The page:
Image by Vicky Ng



The origin of Bibimbap

The palate-pleasing dish that is Bibimbap has been delighting diners all over the world for centuries. But what is the origin behind this delectable fare?

It is generally accepted that this warm and welcoming dish was first enjoyed in Korea, with some sources suggesting it dates back as far as the late 18th century. Initially, the dish was primarily found in royal court kitchens and the homes of wealthy citizens. Consisting of a bowl of steaming hot white rice, bibimbap was served alongside an assortment of vegetables, including spinach, cucumber, chili, mushrooms, and red pepper - all of which were lightly stir-fried in oil and sesame salt.

It wasn’t just vegetable accompaniments though, Bibimbap also featured a variety of animal proteins (often beef) and other tantalizing ingredients such as soy sauce, doenjang (fermented soybean paste), and gochujang (hot pepper paste). It is from these various condiments and ingredients that the flavors and textures of the dish truly emerged.

Due to its unique combination of nutrition, flavor, and convenience, bibimbap quickly began to spread throughout the country, becoming a favorite of the Korean people. Over time, it evolved into a much-beloved national dish. As with many cultural icons, however, bibimbap has also taken on a life of its own, inspiring chefs to experiment with new varieties, mixing and matching ingredients, and experimenting with different preparation techniques.

Today, bibimbap has transcended its Korean roots and is now enjoyed by people all over the world. Whether you’re dining in a traditional Korean restaurant or have conjured up your own version at home, one thing is certain: this delightful dish is here to stay.

FAQs about Bibimbap

Is bibimbap a healthy meal?

Yes, bibimbap can be part of a healthy meal. It is made up of a variety of vegetables and grains, such as onions, carrots, mushrooms, and spinach, as well as protein sources like beef, tofu, or eggs. Depending on how it is prepared, some bibimbap dishes contain a lot of oil, so it important to read the ingredients list before eating it.

Is bibimbap Korean or Vietnamese?

Bibimbap is a Korean dish.

What is special about bibimbap?

Bibimbap is a traditional Korean dish that combines steamed white rice with a variety of vegetables and meats, topped with an array of sauces and seasonings. It is often served in a hot stone bowl called a dolsot and can be enjoyed either cold or warm. The name "bibimbap" literally translates to mean "mixed rice," and it is a popular dish for both its unique flavor and nutritional benefits. Bibimbap is a great way to get an array of vitamins and minerals, as it typically includes ingredients such as carrots, spinach, bean sprouts, dried seaweed, mushrooms, and beef.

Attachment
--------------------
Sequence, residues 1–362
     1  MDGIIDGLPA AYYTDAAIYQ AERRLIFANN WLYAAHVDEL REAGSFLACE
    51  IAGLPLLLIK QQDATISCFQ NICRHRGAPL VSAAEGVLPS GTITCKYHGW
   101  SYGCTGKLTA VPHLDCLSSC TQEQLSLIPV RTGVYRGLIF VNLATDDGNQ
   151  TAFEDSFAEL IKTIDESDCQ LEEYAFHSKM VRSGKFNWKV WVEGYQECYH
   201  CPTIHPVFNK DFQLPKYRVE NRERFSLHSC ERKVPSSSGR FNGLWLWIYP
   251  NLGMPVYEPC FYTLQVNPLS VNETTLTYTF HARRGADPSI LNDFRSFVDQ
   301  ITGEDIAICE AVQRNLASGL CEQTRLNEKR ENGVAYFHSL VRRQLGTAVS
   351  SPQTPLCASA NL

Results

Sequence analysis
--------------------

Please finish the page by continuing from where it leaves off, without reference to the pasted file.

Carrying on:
What is the difference between bulgogi and bibimbap?

Bulgogi is a Korean dish consisting of marinated and grilled slices of beef, pork, or chicken. It is served with rice and various side dishes. Bibimbap is a Korean dish consisting of white rice topped with various sautéed and seasoned vegetables, beef, an egg, and gochujang (Korean hot pepper paste). It is served with a variety of accompaniments such as kimchi, pickled radish, seaweed, and toasted sesame seeds.

Types of Bibimbap

Bibimbap is a beloved dish across the world and its many variations are the stuff of gastronomic legend. The Korean classic is comprised of a bed of rice topped with an array of condiments, proteins, and vegetables which can be stir-fried or raw. Its diverse make-up allows it to delight the palate through a wealth of flavours, textures, and colour. With so much potential to be unleashed, it’s no wonder that there are several established types of bibimbap to be explored.

The first, and perhaps most popular, variety is dolsot bibimbap. This dish is served in a superheated stone bowl that is often pre-seasoned with sesame oil. Rice, various vegetables, and egg are added to the sizzling vessel before being topped with a protein of your choice (beef is traditional). A few minutes of cooking later, the crispy rice on the bottom of the bowl has been browned and the ingredients have been cooked to perfection. It’s a delightfully rustic dish that has earned its place as South Korea’s national food.

A second variation is yachae bibimbap. Here, the focus is on the vegetables rather than the protein, meaning that there are more health benefits to be gained. Plenty of fresh, crunchy vegetables—such as lettuce, carrot, bean sprouts, zucchini, and mushrooms—are added to the bibimbap in place of the meat. The rice is also left unseasoned, allowing the natural flavours of the vegetables to take centre stage. This vegetarian version is definitely worth a try if you’re looking for a light meal that still packs a punch.

Finally, there’s jeonju bibimbap. This is a heavier, more indulgent version of the dish, featuring beef, beef broth, assorted pickles, and an egg on top. It’s often served with a spicy red pepper paste to add a bit of kick, and the beef is usually marinated in a sweet soy sauce. Rich and flavourful, jeonju bibimbap is the go-to comfort food for many Koreans.

No matter what type of bibimbap you choose, it’s sure to tantalise your taste buds. Bring a little bit of South Korea into your home and be prepared to be impressed by this versatile and delicious dish.